Atlas of malaria parasites published by the Department of Parasitology, Faculty of Medicine, University of Malaya in 2019
Session 4. Practical: Basic malaria microscopy
Also led by Dr Rohela Mahmud and Dr Amirah Amir, this session allowed the participants to identify 20 thin blood films under light microscopes. Different species and stages of malaria parasites were provided in the slides, and the participants were required to identify them accordingly. Several morphological characteristics such as the size of red blood cells (enlarged red blood cells), the presence of double chromatin, observation of multiple infection in a single cell, shapes of the trophozoites, number of merozoites in schizont, and shape of gametocytes are the important keys for species identification.
Dr Amirah Amir (left picture) and Dr Rohela Mahmud (right picture) sharing their experiences in differentiating the five human malaria species based on microscopic technique
Session 5. Insights to vectors of Plasmodium knowlesi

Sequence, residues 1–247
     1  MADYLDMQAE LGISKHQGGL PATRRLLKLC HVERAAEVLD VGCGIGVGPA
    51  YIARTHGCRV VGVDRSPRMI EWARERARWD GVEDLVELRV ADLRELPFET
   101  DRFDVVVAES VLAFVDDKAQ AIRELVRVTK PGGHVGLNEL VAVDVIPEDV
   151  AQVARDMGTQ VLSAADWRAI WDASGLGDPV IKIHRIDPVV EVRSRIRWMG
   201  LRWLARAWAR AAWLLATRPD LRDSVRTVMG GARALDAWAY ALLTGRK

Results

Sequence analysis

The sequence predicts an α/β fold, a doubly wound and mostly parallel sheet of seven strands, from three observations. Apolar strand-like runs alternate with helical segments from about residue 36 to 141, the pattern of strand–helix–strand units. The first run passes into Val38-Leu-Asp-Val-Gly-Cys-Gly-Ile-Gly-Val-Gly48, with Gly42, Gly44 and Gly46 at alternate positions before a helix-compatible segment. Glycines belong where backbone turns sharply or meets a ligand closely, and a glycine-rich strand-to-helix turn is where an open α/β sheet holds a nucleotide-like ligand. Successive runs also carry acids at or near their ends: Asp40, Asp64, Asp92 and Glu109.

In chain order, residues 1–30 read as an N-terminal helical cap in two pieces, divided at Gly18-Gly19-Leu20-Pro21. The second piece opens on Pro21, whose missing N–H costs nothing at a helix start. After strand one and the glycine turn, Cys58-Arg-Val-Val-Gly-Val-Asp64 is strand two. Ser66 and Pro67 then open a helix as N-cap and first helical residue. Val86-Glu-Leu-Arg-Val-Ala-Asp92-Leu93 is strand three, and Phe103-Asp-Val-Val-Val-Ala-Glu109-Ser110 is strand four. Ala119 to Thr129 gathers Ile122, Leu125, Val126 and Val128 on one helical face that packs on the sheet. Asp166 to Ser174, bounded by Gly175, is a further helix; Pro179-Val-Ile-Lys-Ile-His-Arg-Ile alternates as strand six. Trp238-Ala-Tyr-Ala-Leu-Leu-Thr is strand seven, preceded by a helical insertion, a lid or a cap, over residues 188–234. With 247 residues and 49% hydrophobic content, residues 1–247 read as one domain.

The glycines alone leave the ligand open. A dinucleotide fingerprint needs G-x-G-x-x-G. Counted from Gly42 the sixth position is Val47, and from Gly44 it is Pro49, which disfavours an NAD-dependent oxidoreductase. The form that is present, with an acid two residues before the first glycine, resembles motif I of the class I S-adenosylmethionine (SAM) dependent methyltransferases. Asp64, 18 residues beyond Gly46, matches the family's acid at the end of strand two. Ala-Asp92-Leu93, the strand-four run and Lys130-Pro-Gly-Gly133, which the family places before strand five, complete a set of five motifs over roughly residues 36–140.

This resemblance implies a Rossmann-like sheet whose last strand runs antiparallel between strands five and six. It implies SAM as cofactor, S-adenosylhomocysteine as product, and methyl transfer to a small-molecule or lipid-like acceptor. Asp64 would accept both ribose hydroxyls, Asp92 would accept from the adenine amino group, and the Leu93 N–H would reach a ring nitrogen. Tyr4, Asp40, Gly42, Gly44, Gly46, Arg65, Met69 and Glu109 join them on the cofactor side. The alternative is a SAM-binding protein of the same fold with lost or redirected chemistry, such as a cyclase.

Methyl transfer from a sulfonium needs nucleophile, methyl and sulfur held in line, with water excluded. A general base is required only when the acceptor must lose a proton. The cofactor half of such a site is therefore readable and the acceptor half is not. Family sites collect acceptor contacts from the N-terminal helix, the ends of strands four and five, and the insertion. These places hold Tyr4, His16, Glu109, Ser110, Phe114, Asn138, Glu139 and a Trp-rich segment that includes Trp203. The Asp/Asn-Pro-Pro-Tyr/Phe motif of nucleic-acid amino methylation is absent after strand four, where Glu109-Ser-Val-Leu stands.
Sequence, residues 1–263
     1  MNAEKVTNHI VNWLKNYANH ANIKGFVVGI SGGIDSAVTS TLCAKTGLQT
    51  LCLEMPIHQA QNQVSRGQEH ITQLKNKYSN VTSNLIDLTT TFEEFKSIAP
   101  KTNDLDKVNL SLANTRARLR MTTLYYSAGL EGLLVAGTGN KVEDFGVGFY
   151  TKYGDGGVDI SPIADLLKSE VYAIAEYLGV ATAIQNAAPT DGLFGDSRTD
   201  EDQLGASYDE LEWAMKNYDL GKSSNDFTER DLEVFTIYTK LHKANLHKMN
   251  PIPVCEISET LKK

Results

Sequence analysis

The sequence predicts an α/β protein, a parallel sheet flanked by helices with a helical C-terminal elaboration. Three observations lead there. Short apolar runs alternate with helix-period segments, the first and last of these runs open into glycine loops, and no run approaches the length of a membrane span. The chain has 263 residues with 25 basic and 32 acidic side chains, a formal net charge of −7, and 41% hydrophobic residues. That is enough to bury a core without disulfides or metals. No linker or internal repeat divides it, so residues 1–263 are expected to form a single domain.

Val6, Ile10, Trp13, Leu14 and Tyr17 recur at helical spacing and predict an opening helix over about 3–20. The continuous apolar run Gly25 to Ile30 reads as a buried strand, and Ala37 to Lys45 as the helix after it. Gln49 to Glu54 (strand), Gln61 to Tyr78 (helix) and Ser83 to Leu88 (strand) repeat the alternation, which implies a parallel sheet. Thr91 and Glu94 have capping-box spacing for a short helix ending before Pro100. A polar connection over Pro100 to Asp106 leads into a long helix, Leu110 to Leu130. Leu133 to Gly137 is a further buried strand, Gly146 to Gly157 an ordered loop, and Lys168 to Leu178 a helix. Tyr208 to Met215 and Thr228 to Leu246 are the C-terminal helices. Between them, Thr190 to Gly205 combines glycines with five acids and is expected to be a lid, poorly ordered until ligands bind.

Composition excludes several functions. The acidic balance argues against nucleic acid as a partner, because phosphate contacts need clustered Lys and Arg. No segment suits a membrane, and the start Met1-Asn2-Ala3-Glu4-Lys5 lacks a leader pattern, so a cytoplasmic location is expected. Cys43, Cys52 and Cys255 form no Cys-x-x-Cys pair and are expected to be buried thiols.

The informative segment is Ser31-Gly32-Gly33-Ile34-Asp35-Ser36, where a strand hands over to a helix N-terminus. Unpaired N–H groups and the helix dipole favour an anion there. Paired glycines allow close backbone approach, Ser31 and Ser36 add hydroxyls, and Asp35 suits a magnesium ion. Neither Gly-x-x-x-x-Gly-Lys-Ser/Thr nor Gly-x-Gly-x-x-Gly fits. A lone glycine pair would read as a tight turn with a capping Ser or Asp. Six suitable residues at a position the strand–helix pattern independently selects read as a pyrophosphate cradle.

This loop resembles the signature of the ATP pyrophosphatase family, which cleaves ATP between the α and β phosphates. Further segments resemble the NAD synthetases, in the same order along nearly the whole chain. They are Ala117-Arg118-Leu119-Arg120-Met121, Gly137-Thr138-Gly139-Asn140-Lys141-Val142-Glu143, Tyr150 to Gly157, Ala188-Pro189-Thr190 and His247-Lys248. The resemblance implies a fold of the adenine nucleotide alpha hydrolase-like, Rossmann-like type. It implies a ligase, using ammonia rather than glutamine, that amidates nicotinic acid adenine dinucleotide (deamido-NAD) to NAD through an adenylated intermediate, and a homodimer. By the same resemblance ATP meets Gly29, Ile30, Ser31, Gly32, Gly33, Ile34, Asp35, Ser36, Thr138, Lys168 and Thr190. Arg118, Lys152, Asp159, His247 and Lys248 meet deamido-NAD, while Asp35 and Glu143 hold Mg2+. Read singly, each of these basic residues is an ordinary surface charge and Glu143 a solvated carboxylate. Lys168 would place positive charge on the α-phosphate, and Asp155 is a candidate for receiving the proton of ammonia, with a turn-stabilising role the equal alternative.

This session was led by Prof Dr Indra Vythilingam who shared her knowledge on the mosquito vectors of P. knowlesi in Malaysia. In the 1960s, several species of mosquitoes such as An. hackeri, An. latens, An. introlatus and An. cracens were identified as the vectors of P. knowlesi. Following the continued efforts to identify the vectors, An. dirus and An. balabacensis were incriminated as the vectors of P. knowlesi in 2011 and 2015, respectively. Nevertheless, more efforts are yet to be conducted in the identification of other vectors responsible for transmission of the disease in the Southeast Asian region. Changes in the ecological landscape such as deforestation are an important factor responsible for malaria transmission. It has been shown that deforestation coupled with the reduction of malaria cases has led to the emergence of P. knowlesi. Dr Vythilingam concluded that strong collaboration among researchers from different parts of the world is warranted to combat this zoonotic malaria which is now occurring in all countries in Southeast Asia, except Timor Leste.
Dr Vythilingam sharing her experiences in identifying the vectors of malaria in Malaysia
This blog was written by Dr Lucas Low Van Lun (Tropical Infectious Diseases Research and Education Centre (TIDREC), University of Malaya) as part of the MESA Correspondents program. Editorial support has been provided by Dr Indra Vythilingam.